The Mimeo Revolution Continues with Granary's New Archive from 'A Secret Location'
Granary Books announces an important new title--Archive from “A Secret Location”--and oddly enough, we were just talking about its precursor the other day, recalling it as a necessary read for those interested in the history of the small-press movement, mimeograph revolution, and poetry in the mid-twentieth cent. That one would be A Secret Location on the Lower East Side, "the acclaimed New York Public Library exhibition and catalog from 1998, curated by Steve Clay and Rodney Phillips, which documented a period of intense innovation and experimentation in American writing and literary publishing." As for the present collection:
[It] came into being after the owner "became obsessed with the secretive nature of the works contained in the exhibition's catalog." Using the book as a guide, he assembled a singular library that contains many of the rare and fragile little magazines featured in the NYPL exhibition while adding important ancillary material, much of it from a West Coast perspective.
The Archive from "A Secret Location" was collected by a reclusive New Jersey inventor and offers a rare glimpse into the diversity of poetic doings and material production that is the Small Press Revolution. It provides a rich gathering for framing an understanding of the various drifts, swirls, and eruptions in the poetry and art firmament of the era, including: Beat Generation, Counterculture, New York School, Venice West, San Francisco Renaissance, Wichita Vortex, Black Mountain, Mavericks, Hippies, Diggers, and related iterations that inform, incite, and inspire one another and the culture at large in ways we are only now beginning to fully grasp. The collection includes excellent runs and significant examples of important little mags including:
Angel Hair, Beatitude, Big Table, Black Mountain Review, C, Caterpillar, Fuck You, Gnaoua, Grist, The Hasty Papers, Insect Trust Gazette, J, Kulchur, Locus Solus, Matter, Measure, Miscellaneous Man, Merlin, Mother, Now, Open Space, The Outsider, Pacific Nation, Poems from the Floating World, Renaissance, San Francisco Earthquake, Set, Some/thing, Tree, Trobar, Whe're/, and Yugen.
Additionally, the collection includes a representative sampling of sixties West Coast counterculture publications, including: The San Francisco Oracle, The Southern California Oracle, Communications Company (the publishing arm of the Diggers); items relating to the explosive San Francisco music scene including a collection of handbills and postcards from Family Dog and others; newspapers and magazines of radical politics such as The Berkeley Barb, Ramparts, The Realist; uncommon pre-zine self-published journals of offbeat commentary such as Horseshit and Jack Green's Newspaper; and a wide assortment of pamphlets, magazines and diverse additional obscure and rarely seen publications from the period.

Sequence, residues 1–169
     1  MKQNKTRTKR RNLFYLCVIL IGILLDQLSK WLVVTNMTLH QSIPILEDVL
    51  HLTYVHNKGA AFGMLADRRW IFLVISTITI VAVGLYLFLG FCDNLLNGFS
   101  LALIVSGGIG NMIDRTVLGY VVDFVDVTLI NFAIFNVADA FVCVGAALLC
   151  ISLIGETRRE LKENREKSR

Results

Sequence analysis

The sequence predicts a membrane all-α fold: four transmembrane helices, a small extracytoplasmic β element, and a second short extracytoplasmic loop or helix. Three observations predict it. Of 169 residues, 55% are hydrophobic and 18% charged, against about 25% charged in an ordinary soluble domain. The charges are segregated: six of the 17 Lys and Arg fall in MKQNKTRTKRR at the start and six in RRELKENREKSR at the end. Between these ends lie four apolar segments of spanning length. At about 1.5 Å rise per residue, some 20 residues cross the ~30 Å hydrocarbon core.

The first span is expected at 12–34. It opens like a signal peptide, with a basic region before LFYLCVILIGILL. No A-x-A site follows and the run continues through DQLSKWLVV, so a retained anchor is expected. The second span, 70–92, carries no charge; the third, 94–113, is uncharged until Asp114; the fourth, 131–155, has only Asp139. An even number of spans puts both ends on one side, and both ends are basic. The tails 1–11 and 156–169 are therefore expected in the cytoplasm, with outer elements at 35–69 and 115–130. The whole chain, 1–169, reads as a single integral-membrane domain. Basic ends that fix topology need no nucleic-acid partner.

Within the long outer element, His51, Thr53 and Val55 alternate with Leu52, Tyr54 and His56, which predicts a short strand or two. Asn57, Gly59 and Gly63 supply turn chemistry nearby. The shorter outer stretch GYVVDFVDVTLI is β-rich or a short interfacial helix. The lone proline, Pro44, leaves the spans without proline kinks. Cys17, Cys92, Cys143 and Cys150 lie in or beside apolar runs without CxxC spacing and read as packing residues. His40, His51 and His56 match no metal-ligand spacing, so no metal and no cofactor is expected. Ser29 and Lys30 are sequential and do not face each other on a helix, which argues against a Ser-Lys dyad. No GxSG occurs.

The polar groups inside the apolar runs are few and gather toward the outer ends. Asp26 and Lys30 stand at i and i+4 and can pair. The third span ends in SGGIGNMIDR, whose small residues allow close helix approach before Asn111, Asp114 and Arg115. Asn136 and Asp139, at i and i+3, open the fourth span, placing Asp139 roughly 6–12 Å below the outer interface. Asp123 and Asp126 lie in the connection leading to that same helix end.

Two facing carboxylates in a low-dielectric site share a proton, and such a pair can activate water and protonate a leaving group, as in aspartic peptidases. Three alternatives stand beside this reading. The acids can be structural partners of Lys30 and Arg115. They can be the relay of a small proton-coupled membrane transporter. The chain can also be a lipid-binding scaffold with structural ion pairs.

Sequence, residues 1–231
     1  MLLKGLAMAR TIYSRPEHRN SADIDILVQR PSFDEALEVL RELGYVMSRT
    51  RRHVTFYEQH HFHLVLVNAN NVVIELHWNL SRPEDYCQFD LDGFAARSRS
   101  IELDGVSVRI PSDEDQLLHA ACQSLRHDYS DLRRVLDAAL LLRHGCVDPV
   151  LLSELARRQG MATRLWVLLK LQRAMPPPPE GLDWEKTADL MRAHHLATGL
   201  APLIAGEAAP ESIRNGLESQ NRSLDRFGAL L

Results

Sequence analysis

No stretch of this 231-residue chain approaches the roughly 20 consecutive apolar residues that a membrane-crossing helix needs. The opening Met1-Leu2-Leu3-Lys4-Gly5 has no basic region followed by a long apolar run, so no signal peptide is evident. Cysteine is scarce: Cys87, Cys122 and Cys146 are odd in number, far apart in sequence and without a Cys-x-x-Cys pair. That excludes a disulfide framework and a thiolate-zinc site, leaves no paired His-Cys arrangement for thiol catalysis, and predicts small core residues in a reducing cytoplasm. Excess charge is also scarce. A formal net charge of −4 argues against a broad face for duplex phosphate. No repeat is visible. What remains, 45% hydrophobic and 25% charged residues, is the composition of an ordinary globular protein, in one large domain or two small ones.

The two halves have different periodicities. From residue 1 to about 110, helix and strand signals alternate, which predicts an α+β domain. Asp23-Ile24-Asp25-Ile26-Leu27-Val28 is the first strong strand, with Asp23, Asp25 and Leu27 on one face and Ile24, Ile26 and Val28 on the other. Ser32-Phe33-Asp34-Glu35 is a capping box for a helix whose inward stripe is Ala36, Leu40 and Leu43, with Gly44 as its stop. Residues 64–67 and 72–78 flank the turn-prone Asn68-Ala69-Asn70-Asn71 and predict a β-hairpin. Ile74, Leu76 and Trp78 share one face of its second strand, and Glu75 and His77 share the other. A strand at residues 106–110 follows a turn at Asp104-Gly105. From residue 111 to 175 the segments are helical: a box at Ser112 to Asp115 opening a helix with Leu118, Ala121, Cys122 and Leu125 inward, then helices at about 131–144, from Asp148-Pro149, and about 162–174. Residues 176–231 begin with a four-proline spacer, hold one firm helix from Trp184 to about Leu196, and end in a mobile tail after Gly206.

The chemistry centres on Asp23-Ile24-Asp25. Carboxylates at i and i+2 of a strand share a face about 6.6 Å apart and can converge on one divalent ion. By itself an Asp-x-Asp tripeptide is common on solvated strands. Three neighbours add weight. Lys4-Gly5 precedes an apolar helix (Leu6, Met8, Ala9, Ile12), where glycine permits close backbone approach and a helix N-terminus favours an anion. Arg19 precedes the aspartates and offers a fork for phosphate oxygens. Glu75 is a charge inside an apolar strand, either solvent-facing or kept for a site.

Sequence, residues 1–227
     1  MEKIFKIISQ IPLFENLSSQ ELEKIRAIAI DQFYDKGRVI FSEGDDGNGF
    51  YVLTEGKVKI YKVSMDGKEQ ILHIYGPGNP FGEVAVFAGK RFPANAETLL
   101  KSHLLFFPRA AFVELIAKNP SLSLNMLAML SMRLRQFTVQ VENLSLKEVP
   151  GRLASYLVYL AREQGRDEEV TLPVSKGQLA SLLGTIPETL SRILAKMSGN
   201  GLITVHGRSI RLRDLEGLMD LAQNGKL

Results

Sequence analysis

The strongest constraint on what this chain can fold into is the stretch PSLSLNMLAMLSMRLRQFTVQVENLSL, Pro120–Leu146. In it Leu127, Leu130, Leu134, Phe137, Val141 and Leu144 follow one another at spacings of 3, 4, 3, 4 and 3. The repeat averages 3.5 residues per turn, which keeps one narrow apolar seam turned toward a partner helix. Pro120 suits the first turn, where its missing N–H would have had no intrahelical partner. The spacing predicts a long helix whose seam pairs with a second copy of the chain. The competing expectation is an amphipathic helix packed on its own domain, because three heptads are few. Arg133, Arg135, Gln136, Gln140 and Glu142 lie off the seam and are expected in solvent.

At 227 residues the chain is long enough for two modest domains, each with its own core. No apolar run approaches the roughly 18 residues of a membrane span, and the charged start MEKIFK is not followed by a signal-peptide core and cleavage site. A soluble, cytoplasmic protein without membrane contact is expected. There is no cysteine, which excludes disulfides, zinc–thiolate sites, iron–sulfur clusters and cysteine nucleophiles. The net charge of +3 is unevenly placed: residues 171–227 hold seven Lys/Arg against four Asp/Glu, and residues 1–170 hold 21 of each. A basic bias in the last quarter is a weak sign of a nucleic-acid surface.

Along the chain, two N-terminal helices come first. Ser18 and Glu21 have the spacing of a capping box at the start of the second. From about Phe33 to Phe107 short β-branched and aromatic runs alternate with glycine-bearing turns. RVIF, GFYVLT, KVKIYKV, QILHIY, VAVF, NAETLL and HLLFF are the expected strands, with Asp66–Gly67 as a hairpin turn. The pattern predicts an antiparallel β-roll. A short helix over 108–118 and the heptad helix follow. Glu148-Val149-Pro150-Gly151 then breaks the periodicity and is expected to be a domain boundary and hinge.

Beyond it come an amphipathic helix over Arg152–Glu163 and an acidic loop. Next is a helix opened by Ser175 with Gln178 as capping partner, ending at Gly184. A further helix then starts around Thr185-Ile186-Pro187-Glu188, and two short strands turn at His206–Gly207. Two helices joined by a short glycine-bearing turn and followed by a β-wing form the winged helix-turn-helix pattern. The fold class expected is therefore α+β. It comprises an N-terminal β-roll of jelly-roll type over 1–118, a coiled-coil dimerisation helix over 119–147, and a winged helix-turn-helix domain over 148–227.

Selected highlights from the collection can be found here. There are some incredible images. Above, randomly, is The Outsider:
The Outsider, no. 1. 1961.
Jon Edgar Webb, ed.
[Collection includes complete run, nos. 1–4/5]
[Ref SL pp. 90, 250]
Loujon Press began in 1961 with The Outsider, no. 1, printed and published in the French Quarter of New Orleans. From the beginning, the magazine was as notable for its wide-ranging editorial sweep of new prose and poetry as for the amazing production values brought to bear, which included various paper stocks, multiple colors, hand-printing and hand-binding. The first issue has more than 50 contributors; Louise “Gypsy Lou” Webb was associate editor, and advisory editors included: Marvin Bell, Margaret Randall, Jory Sherman, Edwin Morgan, Melville Hardiment, Sinclair Beiles, with Walter Lowenfels as consultant.
No. 2 introduced a Jazz Documentary feature honoring the last of the old-time musicians playing traditional New Orleans live jazz. In no. 3, Charles Bukowski is named “Outsider of the Year.” No. 4/5, the final issue, pays homage to Kenneth Patchen. In addition to the magazine, Loujon published limited-edition books by Henry Miller and Charles Bukowski.
The collection description and more information on Archive from “A Secret Location”: Small Press / Mimeograph Revolution, 1940s–1970s is at Granary Books.